What happened? When asked, those who gave an answer generally pointed to one thing: the fear of imputed conflicts of interest under Disciplinary Rules 1.06, 1.07, and 1.09. Many firms discouraged or restricted their associates from going out to remote help centers because there were few options and no time to complete conflicts checks before assisting each disaster victim. A well-meaning attorney might provide advice adverse to a lucrative present or future client of the firm, even if only represented by a distant office.

In response to stories like this around the country, the American Bar Association’s Ethics 2000 Commission added Model Rule 6.5 in 2002. Every state except Texas and one other has adopted the rule or a version of it. We need this rule. More accurately, Texans need the bar to approve this rule.

Conflict of interest rules are important protections for clients—present, former, and future. But the drafters didn’t contemplate situations where lawyers do not know all their firm’s clients or, in an effort to address urgent, simple legal questions, might unknowingly cause significant economic consequences to the other lawyers in their firms as well as their other clients.

Rather than modify all rules with imputed conflict provisions, this new rule carves a very narrow exception in a way that strikes a balance between protecting the client’s interests and keeping prohibitions against a firm representing a party adverse to another client.

The proposed rule describes when it applies (very limited help in a short period of time, such as a help desk), what a lawyer must do to earn and keep the exemption (avoid known conflicts and not share confidential client information with other firm lawyers, e.g.) and requires the services to be run by a court, bar association, law school, or nonprofit legal services program (for accountability).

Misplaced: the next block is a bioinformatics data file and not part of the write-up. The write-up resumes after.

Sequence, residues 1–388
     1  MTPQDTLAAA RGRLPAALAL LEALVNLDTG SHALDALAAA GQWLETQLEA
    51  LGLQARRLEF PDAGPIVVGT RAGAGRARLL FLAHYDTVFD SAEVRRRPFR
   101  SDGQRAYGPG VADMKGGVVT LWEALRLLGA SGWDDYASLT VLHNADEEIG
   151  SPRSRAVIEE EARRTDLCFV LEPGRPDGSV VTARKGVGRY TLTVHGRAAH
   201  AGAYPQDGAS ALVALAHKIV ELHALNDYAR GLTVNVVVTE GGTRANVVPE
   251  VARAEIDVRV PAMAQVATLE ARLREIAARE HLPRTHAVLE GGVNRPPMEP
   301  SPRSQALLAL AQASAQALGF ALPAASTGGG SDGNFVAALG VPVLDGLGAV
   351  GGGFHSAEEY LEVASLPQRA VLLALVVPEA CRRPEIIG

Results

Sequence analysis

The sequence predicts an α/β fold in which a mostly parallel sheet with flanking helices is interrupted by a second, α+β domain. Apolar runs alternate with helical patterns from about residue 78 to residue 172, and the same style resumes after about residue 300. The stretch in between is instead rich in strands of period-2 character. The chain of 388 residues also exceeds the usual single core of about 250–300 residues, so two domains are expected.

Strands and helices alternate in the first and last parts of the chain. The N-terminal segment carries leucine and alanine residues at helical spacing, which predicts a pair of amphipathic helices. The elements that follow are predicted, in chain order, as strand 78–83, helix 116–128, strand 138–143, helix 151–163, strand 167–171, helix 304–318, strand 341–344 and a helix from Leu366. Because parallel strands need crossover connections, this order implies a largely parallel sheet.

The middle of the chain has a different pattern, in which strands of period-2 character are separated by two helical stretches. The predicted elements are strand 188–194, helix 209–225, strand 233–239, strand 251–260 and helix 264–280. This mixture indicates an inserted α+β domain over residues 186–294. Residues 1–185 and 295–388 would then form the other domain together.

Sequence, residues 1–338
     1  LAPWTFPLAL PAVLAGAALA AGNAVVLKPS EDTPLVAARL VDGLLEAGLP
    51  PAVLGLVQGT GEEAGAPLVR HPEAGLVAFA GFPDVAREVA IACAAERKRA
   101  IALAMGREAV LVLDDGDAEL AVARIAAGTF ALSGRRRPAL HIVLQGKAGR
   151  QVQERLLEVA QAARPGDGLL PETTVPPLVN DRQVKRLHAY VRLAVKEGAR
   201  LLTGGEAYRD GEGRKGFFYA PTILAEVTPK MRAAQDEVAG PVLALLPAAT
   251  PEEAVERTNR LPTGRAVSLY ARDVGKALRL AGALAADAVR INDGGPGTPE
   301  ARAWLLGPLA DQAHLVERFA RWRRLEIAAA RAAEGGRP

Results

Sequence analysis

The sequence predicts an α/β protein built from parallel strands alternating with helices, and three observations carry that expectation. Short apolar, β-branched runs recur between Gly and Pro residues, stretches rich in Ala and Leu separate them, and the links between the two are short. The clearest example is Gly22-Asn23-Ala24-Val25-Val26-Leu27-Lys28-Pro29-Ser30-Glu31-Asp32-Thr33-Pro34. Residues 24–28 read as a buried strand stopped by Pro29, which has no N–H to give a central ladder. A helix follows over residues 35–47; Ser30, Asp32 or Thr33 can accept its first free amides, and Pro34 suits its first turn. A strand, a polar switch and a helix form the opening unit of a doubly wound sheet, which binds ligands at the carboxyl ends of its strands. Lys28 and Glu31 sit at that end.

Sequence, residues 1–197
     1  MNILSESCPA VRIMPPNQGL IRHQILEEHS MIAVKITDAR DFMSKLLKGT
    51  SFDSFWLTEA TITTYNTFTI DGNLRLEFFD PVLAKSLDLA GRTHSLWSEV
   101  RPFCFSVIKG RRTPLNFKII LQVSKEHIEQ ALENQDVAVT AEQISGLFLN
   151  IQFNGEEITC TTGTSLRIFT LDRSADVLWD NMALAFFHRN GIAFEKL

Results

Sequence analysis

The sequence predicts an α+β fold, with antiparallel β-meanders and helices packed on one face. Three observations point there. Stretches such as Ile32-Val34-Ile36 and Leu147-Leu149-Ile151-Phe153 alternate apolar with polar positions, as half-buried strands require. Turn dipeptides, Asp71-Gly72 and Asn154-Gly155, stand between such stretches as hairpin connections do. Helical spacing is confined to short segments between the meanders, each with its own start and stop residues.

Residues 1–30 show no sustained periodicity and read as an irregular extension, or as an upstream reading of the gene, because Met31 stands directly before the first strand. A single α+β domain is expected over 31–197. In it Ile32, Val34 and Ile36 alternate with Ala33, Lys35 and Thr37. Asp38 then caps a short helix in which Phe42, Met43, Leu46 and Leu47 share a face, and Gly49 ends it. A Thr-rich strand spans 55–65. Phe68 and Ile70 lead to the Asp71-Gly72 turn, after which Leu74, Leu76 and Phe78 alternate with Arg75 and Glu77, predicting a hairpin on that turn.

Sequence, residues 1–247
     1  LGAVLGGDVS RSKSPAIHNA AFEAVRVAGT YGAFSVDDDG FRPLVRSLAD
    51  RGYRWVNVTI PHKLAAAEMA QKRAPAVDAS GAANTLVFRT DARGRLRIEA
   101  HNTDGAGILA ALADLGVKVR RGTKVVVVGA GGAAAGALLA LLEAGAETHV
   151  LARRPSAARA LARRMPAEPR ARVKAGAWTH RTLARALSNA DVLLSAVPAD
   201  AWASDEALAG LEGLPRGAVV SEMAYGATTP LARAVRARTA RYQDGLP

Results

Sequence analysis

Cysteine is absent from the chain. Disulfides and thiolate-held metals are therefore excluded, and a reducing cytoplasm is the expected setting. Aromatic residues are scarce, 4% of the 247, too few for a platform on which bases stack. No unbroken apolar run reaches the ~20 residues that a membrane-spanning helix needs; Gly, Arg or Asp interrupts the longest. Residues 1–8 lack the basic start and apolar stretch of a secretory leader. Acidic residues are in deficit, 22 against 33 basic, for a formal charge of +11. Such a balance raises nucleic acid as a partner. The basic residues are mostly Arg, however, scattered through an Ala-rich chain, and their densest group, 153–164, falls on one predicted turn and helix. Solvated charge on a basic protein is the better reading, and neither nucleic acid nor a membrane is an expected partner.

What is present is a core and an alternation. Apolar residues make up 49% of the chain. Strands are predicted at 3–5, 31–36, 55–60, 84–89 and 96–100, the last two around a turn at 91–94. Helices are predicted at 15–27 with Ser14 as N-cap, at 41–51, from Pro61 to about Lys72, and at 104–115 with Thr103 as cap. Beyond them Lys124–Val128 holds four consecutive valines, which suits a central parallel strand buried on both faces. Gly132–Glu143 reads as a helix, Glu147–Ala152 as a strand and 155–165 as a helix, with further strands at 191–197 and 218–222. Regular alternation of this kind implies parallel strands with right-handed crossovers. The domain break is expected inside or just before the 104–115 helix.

The exception is narrow. The benefit to the public will be broad.



Lewis KinardM. LEWIS KINARD
is executive vice president, general counsel, and assistant corporate secretary at the American Heart Association. He spent six years on the State Bar of Texas Committee on Texas Disciplinary Rules of Professional Conduct until it was disbanded in 2018. With over 30 years of legal and business experience, Kinard is serving as the first chairperson of the Committee on Disciplinary Rules and Referenda.




A Practicing Lawyer’s Guide to the Proposals

Written by Claude Ducloux


Note: This article addresses the rule proposals appearing as ballot items A, B, C, F, G, and H.

Ballot Item A: Scope and Objectives of Representation; Clients with Diminished Capacity
As our population ages, and many people work longer than they anticipated, the danger of encountering clients with decreased mental facility is increasing. Lawyers need a rule like this, equipping and guiding us with additional tools for handling situations that put the client or the client’s estate at risk. The proposal deletes Rule 1.02(g) of the Texas Disciplinary Rules of Professional Conduct and adds Proposed Rule 1.16. Among its provisions, Proposed Rule 1.16 permits a lawyer to take appropriate protective action when the lawyer reasonably believes that a client has diminished capacity; is at risk of substantial physical, financial, or other harm unless action is taken; and cannot adequately act in the client’s own interest. Proposed Rule 1.16 provides a non-exhaustive list of actions a lawyer may be authorized to take, including informal consultations that may be prohibited under the current rules.


Ballot Item B: Confidentiality of Information – Exception to Permit Disclosure to Secure Legal Ethics Advice
Proposed Rule 1.05(c)(9) of the Texas Disciplinary Rules of Professional Conduct specifically clarifies that a lawyer is permitted to disclose confidential information to secure legal advice about the lawyer’s compliance with the Texas Disciplinary Rules of Professional Conduct. The purpose of this rule change is primarily to confirm that lawyers may consult ethics counsel and disclose confidential information to the extent necessary to obtain appropriate advice.


Ballot Item C: Confidentiality of Information – Exception to Permit Disclosure to Prevent Client Death by Suicide